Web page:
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Tuesday, May 23, 2006


Taggers had mom's help, police say
Mom denies graffiti role

By Christopher N. Osher
Denver Post Staff Writer

Denver police apprehended a 35-year-old mother they say was acting as a driver and lookout for her teenage sons' notorious graffiti tagging crew.

Officers said the graffiti gang, one of the most prolific in southwest Denver and the outlying suburbs, had been marring property nightly for months.

Evette Rascon, of the 6200 block of West Jefferson Avenue in Jefferson County, and her two sons, 17 and 16, were arrested by police late Thursday. Rascon spent a night in jail and was released Friday after she paid a $321 fine and pleaded guilty to trespassing and wrongs to minors.

She denied any wrongdoing in an interview. But officers said a woman had been seen with the taggers on more than one occasion.

The three were arrested in an April 17 incident at Pebble Creek Condominiums, a favorite target of the graffiti crew, police said.

A Jefferson County sheriff's deputy was conducting surveillance that night in hopes of snagging the crew.

The deputy reported he confronted two juveniles that night. One had a spray-paint can and another had a baseball bat, according to the deputy's account.

The teens' mother was acting as a lookout and waiting at her car for her children to return, the deputy said. When he approached, he said, the two teenagers fled the scene. The mother jumped in her car and rammed it into a carport before fleeing the scene, the deputy said.

Rascon, in the interview, said she and her children were trying to bust up another graffiti gang that night. She said she had been drinking at a bar and she had her children pick her up so she wouldn't drive home drunk.

On the way home, they saw someone on the condominium roof, and her children jumped out of the car to confront a suspected tagger, she said.

"Next thing I know some guy comes up on me and points a gun at my face," Rascon said. "He said, 'I just saw your two kids, and I'm trying to stop the tagging."'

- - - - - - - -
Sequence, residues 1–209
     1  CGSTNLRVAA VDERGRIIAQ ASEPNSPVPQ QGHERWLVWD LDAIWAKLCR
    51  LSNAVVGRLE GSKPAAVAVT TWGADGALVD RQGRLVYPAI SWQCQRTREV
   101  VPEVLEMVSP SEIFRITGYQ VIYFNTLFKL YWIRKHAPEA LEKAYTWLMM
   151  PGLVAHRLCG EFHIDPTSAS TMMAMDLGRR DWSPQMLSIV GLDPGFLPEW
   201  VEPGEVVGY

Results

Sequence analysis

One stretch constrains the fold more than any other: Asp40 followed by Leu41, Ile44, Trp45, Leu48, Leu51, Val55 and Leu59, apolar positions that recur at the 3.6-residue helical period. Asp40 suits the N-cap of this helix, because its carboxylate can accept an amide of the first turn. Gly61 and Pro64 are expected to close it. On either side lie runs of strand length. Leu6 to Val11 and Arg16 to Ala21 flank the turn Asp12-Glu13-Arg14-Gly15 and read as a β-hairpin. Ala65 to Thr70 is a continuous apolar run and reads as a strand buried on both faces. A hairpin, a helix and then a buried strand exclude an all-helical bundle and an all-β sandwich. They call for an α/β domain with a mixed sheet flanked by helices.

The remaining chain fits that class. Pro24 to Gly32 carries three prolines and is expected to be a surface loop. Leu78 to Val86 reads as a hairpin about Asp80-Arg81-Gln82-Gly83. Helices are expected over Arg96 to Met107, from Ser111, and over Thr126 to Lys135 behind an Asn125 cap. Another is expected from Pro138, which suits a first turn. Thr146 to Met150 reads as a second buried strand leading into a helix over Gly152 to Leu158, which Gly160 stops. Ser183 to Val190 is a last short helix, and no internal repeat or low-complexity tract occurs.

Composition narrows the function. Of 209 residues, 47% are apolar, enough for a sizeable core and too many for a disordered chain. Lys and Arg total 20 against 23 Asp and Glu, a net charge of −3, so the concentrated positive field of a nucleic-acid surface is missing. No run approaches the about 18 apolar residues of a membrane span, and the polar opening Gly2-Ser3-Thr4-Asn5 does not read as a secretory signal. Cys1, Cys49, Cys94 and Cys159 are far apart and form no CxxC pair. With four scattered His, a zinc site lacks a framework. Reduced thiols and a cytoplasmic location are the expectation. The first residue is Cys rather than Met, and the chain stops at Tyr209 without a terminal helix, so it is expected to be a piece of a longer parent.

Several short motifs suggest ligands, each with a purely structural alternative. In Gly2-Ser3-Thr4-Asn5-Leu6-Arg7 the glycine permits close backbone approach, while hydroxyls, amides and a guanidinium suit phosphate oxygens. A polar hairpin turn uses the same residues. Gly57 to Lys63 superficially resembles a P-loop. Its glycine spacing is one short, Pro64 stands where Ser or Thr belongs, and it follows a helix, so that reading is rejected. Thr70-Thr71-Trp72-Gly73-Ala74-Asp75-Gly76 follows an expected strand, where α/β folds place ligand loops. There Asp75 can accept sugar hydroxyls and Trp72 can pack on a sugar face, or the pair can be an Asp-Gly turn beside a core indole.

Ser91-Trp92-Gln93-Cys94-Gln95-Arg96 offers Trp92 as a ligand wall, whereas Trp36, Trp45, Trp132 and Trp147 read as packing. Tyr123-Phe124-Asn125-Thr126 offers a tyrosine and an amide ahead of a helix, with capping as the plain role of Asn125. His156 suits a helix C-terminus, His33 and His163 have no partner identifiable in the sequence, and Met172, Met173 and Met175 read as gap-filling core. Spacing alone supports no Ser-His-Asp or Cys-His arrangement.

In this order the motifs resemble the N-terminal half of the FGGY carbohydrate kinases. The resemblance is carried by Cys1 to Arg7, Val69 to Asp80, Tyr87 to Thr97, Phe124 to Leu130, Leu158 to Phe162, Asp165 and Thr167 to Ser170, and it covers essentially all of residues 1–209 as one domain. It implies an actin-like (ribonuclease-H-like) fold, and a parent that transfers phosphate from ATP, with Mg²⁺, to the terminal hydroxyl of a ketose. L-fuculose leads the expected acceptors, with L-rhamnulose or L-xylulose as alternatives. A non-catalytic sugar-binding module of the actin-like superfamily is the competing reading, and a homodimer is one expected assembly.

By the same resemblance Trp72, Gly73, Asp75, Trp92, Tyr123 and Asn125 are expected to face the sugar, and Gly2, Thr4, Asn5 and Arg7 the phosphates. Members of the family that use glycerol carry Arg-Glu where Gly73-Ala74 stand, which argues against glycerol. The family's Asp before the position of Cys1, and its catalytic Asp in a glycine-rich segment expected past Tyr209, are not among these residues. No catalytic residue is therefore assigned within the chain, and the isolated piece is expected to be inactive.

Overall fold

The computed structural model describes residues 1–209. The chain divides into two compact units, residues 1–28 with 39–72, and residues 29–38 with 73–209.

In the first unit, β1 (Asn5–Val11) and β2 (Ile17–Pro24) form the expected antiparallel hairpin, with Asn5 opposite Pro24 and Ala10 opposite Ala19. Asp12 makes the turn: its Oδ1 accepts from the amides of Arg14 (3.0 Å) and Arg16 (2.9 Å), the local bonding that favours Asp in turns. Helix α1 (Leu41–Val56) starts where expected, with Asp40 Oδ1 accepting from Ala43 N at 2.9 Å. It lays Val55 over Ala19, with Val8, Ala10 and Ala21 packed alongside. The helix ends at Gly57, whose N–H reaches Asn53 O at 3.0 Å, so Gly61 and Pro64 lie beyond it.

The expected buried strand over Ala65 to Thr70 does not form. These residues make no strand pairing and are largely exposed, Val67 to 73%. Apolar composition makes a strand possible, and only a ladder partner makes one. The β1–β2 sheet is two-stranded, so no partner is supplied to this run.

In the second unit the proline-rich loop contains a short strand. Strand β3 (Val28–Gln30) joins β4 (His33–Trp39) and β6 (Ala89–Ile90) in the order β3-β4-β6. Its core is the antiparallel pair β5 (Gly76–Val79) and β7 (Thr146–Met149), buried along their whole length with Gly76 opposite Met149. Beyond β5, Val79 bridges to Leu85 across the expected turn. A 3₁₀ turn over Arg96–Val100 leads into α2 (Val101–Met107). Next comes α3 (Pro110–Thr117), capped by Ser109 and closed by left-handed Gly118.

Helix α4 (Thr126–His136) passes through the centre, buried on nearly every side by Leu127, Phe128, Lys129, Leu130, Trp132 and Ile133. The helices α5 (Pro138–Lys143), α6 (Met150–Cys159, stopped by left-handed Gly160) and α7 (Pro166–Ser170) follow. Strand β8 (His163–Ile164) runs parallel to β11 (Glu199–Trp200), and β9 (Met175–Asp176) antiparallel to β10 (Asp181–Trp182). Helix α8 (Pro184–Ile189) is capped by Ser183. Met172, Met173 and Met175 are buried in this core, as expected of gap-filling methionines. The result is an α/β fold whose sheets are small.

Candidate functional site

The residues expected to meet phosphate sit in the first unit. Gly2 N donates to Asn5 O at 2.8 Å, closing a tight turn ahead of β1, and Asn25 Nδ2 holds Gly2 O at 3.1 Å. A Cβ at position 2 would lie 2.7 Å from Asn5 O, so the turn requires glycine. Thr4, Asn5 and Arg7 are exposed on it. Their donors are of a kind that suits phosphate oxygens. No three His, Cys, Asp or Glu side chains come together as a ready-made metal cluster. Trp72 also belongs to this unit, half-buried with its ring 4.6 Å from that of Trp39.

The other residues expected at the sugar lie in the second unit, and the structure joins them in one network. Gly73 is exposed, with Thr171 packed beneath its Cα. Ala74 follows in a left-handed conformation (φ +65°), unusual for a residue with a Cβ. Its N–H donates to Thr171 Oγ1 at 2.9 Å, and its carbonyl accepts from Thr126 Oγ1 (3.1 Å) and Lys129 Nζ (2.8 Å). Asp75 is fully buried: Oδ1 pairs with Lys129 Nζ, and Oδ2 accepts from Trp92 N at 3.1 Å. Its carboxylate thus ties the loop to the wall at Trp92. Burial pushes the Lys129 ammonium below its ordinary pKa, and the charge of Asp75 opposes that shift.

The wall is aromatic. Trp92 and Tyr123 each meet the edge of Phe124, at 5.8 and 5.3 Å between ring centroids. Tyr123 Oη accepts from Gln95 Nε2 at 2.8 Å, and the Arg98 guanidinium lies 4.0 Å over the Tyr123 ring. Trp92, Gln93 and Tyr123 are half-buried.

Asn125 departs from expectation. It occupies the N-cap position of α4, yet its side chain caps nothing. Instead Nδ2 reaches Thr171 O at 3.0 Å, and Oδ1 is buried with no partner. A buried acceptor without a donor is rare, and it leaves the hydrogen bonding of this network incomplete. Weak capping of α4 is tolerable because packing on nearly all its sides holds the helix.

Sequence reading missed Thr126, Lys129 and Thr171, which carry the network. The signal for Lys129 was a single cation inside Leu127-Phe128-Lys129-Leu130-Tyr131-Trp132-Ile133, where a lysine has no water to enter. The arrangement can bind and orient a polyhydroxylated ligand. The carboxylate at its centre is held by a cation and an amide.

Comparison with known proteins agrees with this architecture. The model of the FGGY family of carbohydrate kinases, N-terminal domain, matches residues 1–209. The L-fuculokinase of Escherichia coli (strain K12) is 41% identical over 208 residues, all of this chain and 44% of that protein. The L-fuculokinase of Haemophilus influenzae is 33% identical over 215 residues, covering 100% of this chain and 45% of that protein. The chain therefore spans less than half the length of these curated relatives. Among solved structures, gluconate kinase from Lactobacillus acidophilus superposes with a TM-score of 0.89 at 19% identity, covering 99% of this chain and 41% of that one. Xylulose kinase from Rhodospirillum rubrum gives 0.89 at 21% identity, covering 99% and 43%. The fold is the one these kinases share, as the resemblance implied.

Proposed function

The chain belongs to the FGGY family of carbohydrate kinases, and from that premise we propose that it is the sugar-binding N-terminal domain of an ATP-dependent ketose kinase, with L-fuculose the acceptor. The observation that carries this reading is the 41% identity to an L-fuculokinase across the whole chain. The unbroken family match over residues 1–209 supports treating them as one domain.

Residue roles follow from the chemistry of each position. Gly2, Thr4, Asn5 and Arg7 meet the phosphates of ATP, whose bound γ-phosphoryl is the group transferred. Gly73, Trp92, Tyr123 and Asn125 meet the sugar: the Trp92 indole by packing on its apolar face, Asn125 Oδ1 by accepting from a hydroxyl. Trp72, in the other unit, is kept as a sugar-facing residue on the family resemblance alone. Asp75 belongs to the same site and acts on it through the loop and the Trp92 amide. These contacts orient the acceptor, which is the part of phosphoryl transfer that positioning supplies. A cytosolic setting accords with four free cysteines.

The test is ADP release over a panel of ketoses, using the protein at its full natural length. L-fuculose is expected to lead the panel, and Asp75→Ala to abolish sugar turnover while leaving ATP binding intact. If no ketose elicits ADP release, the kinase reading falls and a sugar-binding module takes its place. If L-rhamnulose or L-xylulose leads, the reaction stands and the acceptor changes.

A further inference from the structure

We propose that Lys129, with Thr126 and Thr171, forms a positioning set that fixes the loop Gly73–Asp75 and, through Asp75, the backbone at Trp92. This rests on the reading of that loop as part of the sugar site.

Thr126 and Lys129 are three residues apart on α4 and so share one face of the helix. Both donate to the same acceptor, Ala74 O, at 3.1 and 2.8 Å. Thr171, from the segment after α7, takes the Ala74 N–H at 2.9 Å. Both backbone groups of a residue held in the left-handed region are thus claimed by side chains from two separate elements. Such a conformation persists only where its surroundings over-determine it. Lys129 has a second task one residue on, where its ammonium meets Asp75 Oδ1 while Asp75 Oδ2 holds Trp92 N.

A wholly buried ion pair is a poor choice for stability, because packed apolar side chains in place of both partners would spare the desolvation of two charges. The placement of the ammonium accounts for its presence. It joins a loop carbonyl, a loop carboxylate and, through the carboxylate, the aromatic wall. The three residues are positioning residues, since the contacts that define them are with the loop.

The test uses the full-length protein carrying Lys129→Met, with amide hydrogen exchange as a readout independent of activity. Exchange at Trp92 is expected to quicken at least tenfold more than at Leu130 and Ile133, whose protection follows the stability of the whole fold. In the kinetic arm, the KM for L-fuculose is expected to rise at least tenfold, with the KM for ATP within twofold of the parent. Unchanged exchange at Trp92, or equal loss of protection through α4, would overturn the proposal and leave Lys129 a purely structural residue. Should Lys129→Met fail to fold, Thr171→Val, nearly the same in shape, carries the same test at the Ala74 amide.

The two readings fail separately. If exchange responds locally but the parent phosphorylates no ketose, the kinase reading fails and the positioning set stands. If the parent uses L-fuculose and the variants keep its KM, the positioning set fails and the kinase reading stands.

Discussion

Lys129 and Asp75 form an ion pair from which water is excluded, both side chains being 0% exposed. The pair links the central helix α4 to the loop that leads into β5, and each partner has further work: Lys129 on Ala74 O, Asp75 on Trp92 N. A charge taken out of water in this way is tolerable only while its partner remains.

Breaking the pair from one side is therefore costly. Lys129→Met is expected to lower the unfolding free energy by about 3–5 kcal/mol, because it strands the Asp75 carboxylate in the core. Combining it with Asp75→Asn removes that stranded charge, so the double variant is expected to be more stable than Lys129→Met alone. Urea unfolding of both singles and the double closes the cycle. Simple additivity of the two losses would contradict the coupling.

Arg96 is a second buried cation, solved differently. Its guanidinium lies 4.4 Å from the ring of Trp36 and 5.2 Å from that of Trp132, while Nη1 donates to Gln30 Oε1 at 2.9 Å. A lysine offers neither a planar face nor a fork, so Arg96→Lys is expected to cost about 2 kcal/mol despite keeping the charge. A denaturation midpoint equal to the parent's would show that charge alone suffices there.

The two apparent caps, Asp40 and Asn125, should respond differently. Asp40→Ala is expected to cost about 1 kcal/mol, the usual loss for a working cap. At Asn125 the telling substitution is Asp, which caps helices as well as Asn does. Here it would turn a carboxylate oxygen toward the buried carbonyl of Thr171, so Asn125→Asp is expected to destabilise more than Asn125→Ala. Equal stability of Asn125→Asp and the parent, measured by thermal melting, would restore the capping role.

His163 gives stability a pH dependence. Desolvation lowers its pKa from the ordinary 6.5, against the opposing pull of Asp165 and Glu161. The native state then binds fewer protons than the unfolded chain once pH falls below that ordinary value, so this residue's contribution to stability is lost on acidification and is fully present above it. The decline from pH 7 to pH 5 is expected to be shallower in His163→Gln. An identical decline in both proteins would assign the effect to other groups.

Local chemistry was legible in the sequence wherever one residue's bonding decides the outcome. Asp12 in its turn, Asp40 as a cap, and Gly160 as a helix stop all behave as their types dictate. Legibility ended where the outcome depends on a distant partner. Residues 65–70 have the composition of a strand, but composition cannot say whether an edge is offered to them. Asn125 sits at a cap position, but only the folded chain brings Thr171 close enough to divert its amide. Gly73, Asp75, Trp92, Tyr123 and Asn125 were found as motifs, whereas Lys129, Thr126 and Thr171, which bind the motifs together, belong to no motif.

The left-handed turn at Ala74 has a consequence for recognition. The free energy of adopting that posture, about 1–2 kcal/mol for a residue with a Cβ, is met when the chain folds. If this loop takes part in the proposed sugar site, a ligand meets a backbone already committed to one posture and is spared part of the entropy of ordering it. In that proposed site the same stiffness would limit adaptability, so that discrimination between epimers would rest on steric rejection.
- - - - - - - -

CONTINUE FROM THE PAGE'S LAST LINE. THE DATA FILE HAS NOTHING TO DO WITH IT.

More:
She denied any involvement in a tagging crew.

"I hate the tagging," she said. "I see it everywhere. It's up and down Morrison Road and up and down Federal Boulevard. It's everywhere if you drive around and look. It's disgusting."

The case eventually ended up in the hands of Denver police officer Gerard Alarcon, who for months has been trying to bust the tagging crew.

"These guys were constantly tagging property," Alarcon said. "They are in the top 10 in terms of tagging crews." He said he tracked the mother down after a person with the condominiums provided him with the license plate information of her car and her address, which is just a few blocks from the condominiums.

"The original complaint was that there was a mom taking her kids out tagging," Alarcon said.

The arrests were a relief to those living at the condominiums, who daily were confronted with the crew's graffiti tags.

"They liked our carport on the frontage road," said Mike Reed, a member of the Pebble Creek Condominium Homeowners Association. "It was like a billboard for them. They were hitting that up pretty regularly, and come springtime it just exploded."

Reed suspects he had one run-in with the crew in December when he caught it in the act. But he couldn't make a solid identification once he chased the taggers to their house, and police declined to press charges, he said. The mother at that time stood up for the children and said they had been home the entire night, he said.

"We knew she was covering for them back then," Reed said.

He said the graffiti problem at the condominiums got so bad in the early spring that the homeowners association was spending $500 a day in paint to cover the damage.

"It's heartbreaking to see this every morning when you get up to go out to work and see this destruction of your property every day," Reed said.

Alarcon scoffed at the mother's contention that she and her children were trying to stop a rival tagging crew.

"That's ridiculous," he said. "You don't let your kids out with a spray can or a baseball bat."

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